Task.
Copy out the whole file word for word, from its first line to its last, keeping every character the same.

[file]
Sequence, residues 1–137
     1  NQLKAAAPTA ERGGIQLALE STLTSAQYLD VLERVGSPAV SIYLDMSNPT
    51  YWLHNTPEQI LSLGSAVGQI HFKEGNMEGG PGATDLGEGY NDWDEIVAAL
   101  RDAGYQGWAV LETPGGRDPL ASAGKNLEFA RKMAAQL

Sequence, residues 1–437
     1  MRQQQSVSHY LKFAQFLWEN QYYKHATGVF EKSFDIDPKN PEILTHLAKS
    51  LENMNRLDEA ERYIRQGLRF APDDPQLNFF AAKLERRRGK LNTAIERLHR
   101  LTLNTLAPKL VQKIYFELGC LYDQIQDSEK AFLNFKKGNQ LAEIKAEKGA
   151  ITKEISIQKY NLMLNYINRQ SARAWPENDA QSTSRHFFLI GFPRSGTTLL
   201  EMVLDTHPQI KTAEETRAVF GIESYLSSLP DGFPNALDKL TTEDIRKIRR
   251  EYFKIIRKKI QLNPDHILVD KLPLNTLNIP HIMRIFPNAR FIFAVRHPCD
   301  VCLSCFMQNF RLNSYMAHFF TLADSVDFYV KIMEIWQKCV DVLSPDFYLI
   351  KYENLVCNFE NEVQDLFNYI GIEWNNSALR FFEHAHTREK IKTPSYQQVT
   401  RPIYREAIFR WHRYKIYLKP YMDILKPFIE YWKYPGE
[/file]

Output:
Sequence, residues 1–137
     1  NQLKAAAPTA ERGGIQLALE STLTSAQYLD VLERVGSPAV SIYLDMSNPT
    51  YWLHNTPEQI LSLGSAVGQI HFKEGNMEGG PGATDLGEGY NDWDEIVAAL
   101  RDAGYQGWAV LETPGGRDPL ASAGKNLEFA RKMAAQL

Sequence, residues 1–437
     1  MRQQQSVSHY LKFAQFLWEN QYYKHATGVF EKSFDIDPKN PEILTHLAKS
    51  LENMNRLDEA ERYIRQGLRF APDDPQLNFF AAKLERRRGK LNTAIERLHR
   101  LTLNTLAPKL VQKIYFELGC LYDQIQDSEK AFLNFKKGNQ LAEIKAEKGA
   151  ITKEISIQKY NLMLNYINRQ SARAWPENDA QSTSRHFFLI GFPRSGTTLL
   201  EMVLDTHPQI KTAEETRAVF GIESYLSSLP DGFPNALDKL TTEDIRKIRR
   251  EYFKIIRKKI QLNPDHILVD KLPLNTLNIP HIMRIFPNAR FIFAVRHPCD
   301  VCLSCFMQNF RLNSYMAHFF TLADSVDFYV KIMEIWQKCV DVLSPDFYLI
   351  KYENLVCNFE NEVQDLFNYI GIEWNNSALR FFEHAHTREK IKTPSYQQVT
   401  RPIYREAIFR WHRYKIYLKP YMDILKPFIE YWKYPGE